Journal of Logic, Language and Information 9 (1):65--89 (2000)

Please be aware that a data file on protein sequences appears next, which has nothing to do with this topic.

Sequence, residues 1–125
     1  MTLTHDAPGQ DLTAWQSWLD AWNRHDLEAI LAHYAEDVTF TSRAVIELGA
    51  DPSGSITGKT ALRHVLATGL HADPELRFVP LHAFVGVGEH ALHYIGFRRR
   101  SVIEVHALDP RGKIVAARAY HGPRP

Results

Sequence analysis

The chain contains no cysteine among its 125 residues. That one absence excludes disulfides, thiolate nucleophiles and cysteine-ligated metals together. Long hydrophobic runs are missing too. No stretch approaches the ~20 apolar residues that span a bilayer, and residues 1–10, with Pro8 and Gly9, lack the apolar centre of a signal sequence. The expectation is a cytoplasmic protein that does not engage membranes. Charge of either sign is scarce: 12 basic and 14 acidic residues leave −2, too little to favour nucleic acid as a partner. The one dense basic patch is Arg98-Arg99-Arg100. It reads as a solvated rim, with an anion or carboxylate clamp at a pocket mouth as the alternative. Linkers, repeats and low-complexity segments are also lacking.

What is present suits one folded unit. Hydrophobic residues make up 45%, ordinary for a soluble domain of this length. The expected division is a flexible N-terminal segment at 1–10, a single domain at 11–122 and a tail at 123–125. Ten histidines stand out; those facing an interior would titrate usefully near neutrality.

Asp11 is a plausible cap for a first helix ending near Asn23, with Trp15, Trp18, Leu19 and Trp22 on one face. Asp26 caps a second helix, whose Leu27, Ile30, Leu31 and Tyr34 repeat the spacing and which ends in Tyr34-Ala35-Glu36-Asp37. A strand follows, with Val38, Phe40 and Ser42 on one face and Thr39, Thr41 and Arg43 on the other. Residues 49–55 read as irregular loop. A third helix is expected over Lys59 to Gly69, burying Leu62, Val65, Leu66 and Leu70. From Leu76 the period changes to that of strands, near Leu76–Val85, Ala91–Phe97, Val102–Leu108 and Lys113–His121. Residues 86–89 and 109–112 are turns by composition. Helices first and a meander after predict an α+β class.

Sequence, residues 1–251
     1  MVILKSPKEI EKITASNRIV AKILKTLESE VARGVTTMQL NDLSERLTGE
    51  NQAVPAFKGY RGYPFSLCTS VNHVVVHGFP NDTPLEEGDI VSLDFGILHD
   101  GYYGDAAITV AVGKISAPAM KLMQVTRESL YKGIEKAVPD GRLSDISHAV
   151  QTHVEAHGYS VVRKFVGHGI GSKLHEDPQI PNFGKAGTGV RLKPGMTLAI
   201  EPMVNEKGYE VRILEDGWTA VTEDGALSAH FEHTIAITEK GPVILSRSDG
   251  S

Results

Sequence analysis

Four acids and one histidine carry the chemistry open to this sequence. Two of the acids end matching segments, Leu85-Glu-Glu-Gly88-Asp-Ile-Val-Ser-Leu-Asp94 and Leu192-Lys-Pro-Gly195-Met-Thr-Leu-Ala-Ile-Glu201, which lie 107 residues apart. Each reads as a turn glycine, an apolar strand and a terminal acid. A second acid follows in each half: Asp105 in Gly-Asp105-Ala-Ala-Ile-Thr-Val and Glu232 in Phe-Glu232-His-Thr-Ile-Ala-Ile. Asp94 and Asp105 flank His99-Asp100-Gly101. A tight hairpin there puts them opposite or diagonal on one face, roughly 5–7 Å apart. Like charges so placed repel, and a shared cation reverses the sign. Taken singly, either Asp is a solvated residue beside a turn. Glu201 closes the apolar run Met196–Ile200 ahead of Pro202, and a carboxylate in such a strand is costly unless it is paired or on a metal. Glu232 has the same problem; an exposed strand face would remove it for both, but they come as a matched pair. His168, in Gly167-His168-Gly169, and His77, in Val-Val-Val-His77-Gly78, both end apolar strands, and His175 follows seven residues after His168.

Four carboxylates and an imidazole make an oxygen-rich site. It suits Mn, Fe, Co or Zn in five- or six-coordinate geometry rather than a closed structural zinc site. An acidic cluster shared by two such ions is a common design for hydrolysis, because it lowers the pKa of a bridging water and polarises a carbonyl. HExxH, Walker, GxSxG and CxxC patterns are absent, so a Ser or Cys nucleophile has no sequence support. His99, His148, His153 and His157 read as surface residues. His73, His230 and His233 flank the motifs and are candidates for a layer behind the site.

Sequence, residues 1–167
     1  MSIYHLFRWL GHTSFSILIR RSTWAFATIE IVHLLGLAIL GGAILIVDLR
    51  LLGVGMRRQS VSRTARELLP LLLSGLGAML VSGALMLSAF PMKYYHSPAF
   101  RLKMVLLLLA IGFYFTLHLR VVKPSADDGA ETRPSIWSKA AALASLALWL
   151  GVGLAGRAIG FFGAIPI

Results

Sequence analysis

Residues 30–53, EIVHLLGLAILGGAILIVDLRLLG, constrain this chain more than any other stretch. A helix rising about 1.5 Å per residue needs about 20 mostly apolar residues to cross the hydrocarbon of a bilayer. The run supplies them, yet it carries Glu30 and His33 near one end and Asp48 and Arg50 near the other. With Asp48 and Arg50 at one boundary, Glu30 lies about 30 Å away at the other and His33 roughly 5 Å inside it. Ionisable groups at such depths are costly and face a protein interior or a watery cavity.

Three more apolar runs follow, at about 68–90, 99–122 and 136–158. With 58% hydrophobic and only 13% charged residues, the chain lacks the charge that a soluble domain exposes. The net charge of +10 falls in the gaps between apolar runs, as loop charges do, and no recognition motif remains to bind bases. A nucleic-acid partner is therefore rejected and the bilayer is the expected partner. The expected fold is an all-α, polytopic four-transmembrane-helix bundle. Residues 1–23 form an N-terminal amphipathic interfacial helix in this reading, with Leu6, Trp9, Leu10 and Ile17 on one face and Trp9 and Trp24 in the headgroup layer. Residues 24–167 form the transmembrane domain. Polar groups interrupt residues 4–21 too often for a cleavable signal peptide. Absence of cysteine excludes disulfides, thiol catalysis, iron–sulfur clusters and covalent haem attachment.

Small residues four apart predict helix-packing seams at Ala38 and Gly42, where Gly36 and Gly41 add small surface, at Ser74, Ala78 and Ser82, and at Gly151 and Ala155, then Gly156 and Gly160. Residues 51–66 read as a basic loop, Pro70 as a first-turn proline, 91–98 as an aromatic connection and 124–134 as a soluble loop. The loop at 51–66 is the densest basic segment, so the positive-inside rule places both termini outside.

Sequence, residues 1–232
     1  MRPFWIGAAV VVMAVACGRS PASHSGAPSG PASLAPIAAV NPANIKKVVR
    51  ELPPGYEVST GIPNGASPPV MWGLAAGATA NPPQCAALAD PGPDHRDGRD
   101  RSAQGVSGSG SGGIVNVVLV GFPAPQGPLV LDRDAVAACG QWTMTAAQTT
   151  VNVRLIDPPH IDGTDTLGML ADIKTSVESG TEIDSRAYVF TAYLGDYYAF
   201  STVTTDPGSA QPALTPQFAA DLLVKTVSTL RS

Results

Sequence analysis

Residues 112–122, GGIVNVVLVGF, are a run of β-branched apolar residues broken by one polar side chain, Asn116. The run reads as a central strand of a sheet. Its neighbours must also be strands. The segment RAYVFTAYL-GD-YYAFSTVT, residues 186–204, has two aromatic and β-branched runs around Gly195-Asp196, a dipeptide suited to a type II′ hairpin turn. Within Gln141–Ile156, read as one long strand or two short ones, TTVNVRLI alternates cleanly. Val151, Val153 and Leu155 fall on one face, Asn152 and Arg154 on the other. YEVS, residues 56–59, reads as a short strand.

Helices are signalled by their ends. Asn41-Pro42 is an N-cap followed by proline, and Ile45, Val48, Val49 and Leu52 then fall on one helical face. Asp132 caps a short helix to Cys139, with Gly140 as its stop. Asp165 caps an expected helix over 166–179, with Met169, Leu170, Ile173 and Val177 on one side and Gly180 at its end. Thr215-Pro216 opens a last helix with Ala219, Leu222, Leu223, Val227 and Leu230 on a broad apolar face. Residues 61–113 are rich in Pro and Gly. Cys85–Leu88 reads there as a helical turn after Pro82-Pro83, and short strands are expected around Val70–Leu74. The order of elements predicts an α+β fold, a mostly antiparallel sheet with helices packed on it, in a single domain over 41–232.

|Abstract||The starting point of this work is the gap between two distinct traditions in information engineering: knowledge representation and data-driven modelling. The first tradition emphasizes logic as a tool for representing beliefs held by an agent. The second tradition claims that the main source of knowledge is made of observed data, and generally does not use logic as a modelling tool. However, the emergence of fuzzy logic has blurred the boundaries between these two traditions by putting forward fuzzy rules as a Janus-faced tool that may represent knowledge, as well as approximate non-linear functions representing data. This paper lays bare logical foundations of data-driven reasoning whereby a set of formulas is understood as a set of observed facts rather than a set of beliefs. Several representation frameworks are considered from this point of view: classical logic, possibility theory, belief functions, epistemic logic, fuzzy rule-based systems. Mamdani's fuzzy rules are recovered as belonging to the data-driven view. In possibility theory a third set-function, different from possibility and necessity plays a key role in the data-driven view, and corresponds to a particular modality in epistemic logic. A bi-modal logic system is presented which handles both beliefs and observations, and for which a completeness theorem is given. Lastly, our results may shed new light in deontic logic and allow for a distinction between explicit and implicit permission that standard deontic modal logics do not often emphasize.|
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